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Too many people develop sepsis. Too few survive.
Get 13th September, World Sepsis Day, officially recognized as World Health Day by the World Health Assembly. With every heartbeat someone around the world contracts sepsis.
The chance of surviving sepsis is high – if it is treated within the first few hours.

Only four hours after onset of sepsis the survival rate sinks dramatically. The best way to increase sepsis survival and quality of life after sepsis is to recognize the early signs of sepsis and start treatment immediately.

‘It’s possible to increase sepsis survival – I did survive sepsis – more people can. If the World Health Assembly acknowledges sepsis as Global Burden, by highlighting World Sepsis Day, every government around the world will have to take action.’
Ray Schachter, Chairman of the World Health Day task force of the Global Sepsis Alliance.

… click here for professional biography


Sepsis is an expensive global healthcare problem with an estimated 8 million deaths – which can be reduced. The best centres, mainly in industrialized countries, have doubled patients’ chances of survival and reduced their ICU costs significantly. They achieved this by simply recognizing the onset of sepsis early and responding rapidly. However, only 10-30% of patients with sepsis receive this excellent care.
... more facts about sepsis

Every acute infection can lead to sepsis, commonly known as ‘blood poisoning’; saving lives depends on antimicrobial and other quick supportive treatments. Early recognition of sepsis, rapid antimicrobial therapy and resuscitation, and vital organ support is what matters. In short, sepsis is a medical emergency and each hour counts.
Governments, the general public, healthcare professionals and scientists need to cooperate closely to fight this hidden healthcare disaster. Vaccination, good hand hygiene and avoidance of healthcare-associated infection are measures to prevent infections and help to reduce the burden of sepsis.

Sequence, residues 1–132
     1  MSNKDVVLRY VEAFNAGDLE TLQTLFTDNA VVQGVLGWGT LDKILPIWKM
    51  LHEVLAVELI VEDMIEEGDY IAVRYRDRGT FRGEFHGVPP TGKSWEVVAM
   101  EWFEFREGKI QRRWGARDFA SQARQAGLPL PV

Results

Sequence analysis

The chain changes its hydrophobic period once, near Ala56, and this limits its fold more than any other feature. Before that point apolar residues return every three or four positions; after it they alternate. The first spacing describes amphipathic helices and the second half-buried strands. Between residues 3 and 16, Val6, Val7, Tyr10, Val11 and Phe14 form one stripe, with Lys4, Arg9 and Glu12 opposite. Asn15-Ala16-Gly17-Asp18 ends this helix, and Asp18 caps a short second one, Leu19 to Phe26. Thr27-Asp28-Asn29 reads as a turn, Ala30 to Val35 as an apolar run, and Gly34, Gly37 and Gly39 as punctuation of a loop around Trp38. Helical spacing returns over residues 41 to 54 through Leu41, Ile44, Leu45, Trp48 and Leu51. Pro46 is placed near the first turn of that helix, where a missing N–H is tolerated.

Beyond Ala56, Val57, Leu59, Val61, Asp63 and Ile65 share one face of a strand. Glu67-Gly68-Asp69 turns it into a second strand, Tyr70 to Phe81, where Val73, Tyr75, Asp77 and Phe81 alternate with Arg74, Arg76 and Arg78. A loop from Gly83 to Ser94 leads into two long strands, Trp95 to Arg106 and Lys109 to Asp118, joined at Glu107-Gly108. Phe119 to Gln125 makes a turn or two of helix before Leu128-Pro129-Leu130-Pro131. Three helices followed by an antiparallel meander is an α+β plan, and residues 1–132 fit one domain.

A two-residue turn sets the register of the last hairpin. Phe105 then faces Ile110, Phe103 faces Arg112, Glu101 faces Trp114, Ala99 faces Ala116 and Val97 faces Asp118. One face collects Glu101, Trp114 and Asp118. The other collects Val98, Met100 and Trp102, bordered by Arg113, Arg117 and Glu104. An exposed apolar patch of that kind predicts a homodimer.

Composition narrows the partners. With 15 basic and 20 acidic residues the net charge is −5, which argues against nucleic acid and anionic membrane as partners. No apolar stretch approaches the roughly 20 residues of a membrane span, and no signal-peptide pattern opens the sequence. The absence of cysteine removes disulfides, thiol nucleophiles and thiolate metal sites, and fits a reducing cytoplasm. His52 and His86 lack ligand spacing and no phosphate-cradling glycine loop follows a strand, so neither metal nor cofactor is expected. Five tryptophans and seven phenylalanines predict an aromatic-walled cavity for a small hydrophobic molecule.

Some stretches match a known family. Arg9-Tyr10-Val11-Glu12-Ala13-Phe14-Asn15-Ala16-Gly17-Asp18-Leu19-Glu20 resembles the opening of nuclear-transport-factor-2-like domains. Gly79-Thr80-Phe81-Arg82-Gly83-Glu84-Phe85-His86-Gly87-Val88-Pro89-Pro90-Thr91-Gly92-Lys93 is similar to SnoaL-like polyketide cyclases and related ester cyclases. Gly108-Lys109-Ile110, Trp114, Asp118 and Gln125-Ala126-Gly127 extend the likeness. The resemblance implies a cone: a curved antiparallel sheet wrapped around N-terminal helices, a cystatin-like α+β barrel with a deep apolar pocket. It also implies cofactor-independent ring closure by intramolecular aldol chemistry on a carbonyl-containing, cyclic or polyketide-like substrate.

‘The world must face the fact that despite the advances of modern medicine, the fight against sepsis is far from won.’
Konrad Reinhart, Chairman Global Sepsis Alliance

... click here for professional biography

Trigger a snowball effect – everybody can join and help. Campaign with us and get World Sepsis Day mandated by the United Nations, the General Assembly and World Health Assembly.
The Global Sepsis Alliance World Health Day task force will coordinate the campaign and ensure that the global sepsis community speaks with one voice around the world.

WHD Task Force Members:
• Ray Schachter, Lawyer - Chairman of the Global Sepsis Alliance World Health Day task force
• Don Bredle, Associate Professor Emeritus, Kinesiology, University of Wisconsin - Eau Claire
• Ron Daniels, CEO Global Sepsis Alliance, CEO UK Sepsis Trust
• Carl Flatley, Founder of the Sepsis Alliance and the Erin Kay Flatley Memorial Foundation
• Niranjan “Tex” Kissoon, Vice-Chairman Global Sepsis Alliance
• Flavia Machado, Past-Chair Latin American Sepsis Institute
• Keith Martin, Executive Director, Consortium of Universities for Global Health
• Konrad Reinhart, Chairman Global Sepsis Alliance

Download ... WHD_Task_Force_Members_Biographies.pdf


The first thing you can do: Speak up about sepsis.
Only what is named is known.


Are you a governmental decision-maker and you would like further information?
Email: Contact the Chairman of the World Health Day task force

You are a sepsis survivor and you want World Sepsis Day mandated as World Health Day? We have pre-drafted letters in German, English and Spanish available for your convenience. Use the letter and write to your local Member of Parliament or Senator, your national Minister or Ministry of Health.
Email: I offer support!

Download ... 2015_WSD_FactSheet_Essentials_English.pdf
Download ... 2015_WSD_FactSheet_long_English.pdf
FAQs
Over the past year we've been collecting the questions we receive most frequently about sepsis. Please share this information with your friends and family. Don’t see your question on the list? Get in touch with us, and we’ll do our best to help.
Sepsis should be known!
We want to set World Sepsis Day on the Agenda of the World Health Assembly in 2016.
Worldwide Sepsis Webinar
On 13th September 2015, we organized 
the first worldwide sepsis webinar. More than 20 sepsis experts from all over the world presented online-talks about specific sepsis topics. <br/> <a href="http://world-sepsis-day.org/wwsw"target="extern"class="CONTA_URL">... Click here to access recordings</a>
WHO: Recognition of sepsis as Global Burden
To date, the Global Burden of Disease Report (GBDR) and the WHO website lists only “maternal sepsis” and “sepsis in newborns”.
Sepsis Facts
Sepsis is common and often deadly. It remains the primary cause of death from infection, despite advances in modern medicine like vaccines, antibiotics, and intensive care.